This book is more about investing and less about the liberal arts. The chapter on literature is more about literary criticism than about the works themselves. For example, there are endless lessons one can glean from Shakespeare--leadership, research, empathy, diversification, honesty, self-awareness, decisiveness--but there was no discussion of these works, just discussions about talking about Shakespeare.Similarly, the chapter on math was just a repeat of the wisdom of probability and statistics. Ok. I guess. But what about the life-lessons of James Nash--and the Nash equilibrium--that has revolutionized public auctions and many aspects of market dynamics. And what about math as philosophy? Couldn't we get something from Bertrand Russell? "Latticework" was the original title, and seems appropriate: pre-fabricated, designed to obscure what's behind, which is often nothing. This book promises far more than it delivers. Which is sad, because it could say so much more.Mark
Investing is an accessible apologetic for a liberal education. It illustrates the idea that successful investor must develop and incorporate mental models from a variety of disciplines. At the foundation of that development are the thinkers that make up the Western canon. Thinkers from physics, biology, the social sciences, psychology, philosophy, and even fictional literature will help the investor to think critically and develop ways of seeing the world that will approach the world more accurately. It’s hard work, and necessary though not sufficient, to becoming a successful investor. I recommend Investing to all of my former MBA classmates and colleagues in the investment community as a challenge to broaden their reading, thinking, and conversation.Igor Chalhub
Great book on mental models.Ming
A basic introduction into why its important for anyone with a parochial mindset to open up and explore the depths of what human intellect has to offer... perhaps a bit too elementary if you've already started doing itJulian Bu
form instead of substanceDave Maddock
As someone with a background in humanities and science, I had already figured out most of what this book has to say on my own. But, I can see it being a great introduction to the rest of the bookstore stacks for whoever buys those business/finance/management books like Think and Grow Rich, etc.Ian Robertson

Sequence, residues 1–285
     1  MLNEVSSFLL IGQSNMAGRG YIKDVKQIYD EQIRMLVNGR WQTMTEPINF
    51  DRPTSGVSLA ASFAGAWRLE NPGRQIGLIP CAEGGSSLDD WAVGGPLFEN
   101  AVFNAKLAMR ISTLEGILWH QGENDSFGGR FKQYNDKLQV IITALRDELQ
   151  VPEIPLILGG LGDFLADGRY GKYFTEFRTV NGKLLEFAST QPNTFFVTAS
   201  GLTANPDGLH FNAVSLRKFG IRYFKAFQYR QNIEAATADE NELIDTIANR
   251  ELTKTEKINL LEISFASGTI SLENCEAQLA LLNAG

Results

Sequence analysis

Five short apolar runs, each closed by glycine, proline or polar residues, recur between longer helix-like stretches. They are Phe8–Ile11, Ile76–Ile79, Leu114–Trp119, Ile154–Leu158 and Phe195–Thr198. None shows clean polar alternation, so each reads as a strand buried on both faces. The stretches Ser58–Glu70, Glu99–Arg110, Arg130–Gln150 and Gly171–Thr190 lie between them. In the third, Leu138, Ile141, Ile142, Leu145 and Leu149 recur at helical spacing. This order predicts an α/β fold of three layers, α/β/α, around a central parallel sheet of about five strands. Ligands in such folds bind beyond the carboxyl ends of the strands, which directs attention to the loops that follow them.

Investing: The Last Liberal Art contains no direction on how to read a balance sheet, or on how to project earnings into the future and discount them back to today’s value, nor are there arcane financial terms to send readers scrambling for dictionaries. Still, Investing is an essential book for professional and amateur stock pickers who want to excel, portfolio managers preparing to interview prospective analysts, and investors trying to choose amongst the many advisors ready to serve their needs.Hagstrom takes his central premise that a broad education will pay dividends in investment performance from Warren Buffett’s quieter partner, Charlie Munger. Munger, through several speeches and in his book Poor Charlie’s Almanack, contends that to be successful in stock picking “you’ve got to have models in your head ... and you’ve got to array your experiences - both vicarious and direct - on this latticework of models.” Hagstrom takes Munger’s latticework idea and provides both the ‘why’ and the ‘how to’ in a concise, straightforward and entertaining format - a bit like Bill Bryson’s A Short History of Nearly Everything through an investment lens. He covers physics, biology, sociology, psychology, philosophy, literature, and mathematics, and concludes with a chapter on decision making. Hagstrom helpfully appends the reading list for the Maryland’s St. John’s College, where “the entire curriculum is devoted to discussing the great books of Western civilization; [where] there are no separate disciplines or departments, no electives,” and his bibliography is even broader - another excellent source for those wishing to take up his challenge.There is, of course, information directly relevant to investors. In his chapter on Psychology, Hagstrom ponders the question ‘How often should investors review their holdings to be “indifferent to the historical distribution of returns on stocks and bonds?” From pioneering work of behavioural economists Richard Thaler and Shlomo Benartzi, the answer is once per year. When smartphones come pre-loaded with apps allowing us second by second stock valuations, and when larger market swings generate headlines in all media, our instinctual “myopic loss aversion” kicks in and we are driven to suboptimal investment decisions. Without knowing our own psychological predispositions - we feel losses about twice as intensely as gains - it is impossible to correct for them and to achieve superior returns. We should be strategic rather than tactical with our investment portfolios. In his chapter on Philosophy, Hagstrom shifts from individual traits to those of the broader market. “One reason we have such difficulty understanding markets is that we have been locked into an equilibrium description of how they should behave.” “We must remain open minded to accepting new descriptions of systems that appear complex.” Hagstrom’s first point harkens to his chapter on physics, while the second relates to his chapter on biology. Markets are complex systems with many feedback loops, and “the only way to do better than someone else, or more importantly, to outperform the stock market, is to have a different way of interpreting the data that is different from other people’s interpretations. To that I would add the need to have sources of information and experiences that are different.” A broader reading list rather than more Google alerts.For investors trying to sort through investment advisors’ credentials and experience, Hagstrom offers some considerations in his final chapter on decision making. “Having been schooled in modern portfolio theory and the efficient market hypothesis, will [they] quickly and automatically default to [the] physics-based model of how markets operate, or will [they] slow down [their] thinking and also consider the possibility that the market’s biological function could be altering the outcome? Even if the market looks hopelessly efficient, will [they] also consider that the wisdom of the crowds is only temporary?” The latticework that advisors use is just as important as their technical education. “Reading this book requires both an intellectual curiosity and a significant measure of patience,” cautions Hagstrom, perhaps underestimating his audience, but readers will be well rewarded and very likely more successful with their investing. Despite its broad relevance, unfortunately, Investing will likely find audience only with those already inclined towards the Gatsby ideal - “that most limited of all specialists, the ‘well-rounded man’.” (With apologies for Fitzgerald’s gender bias).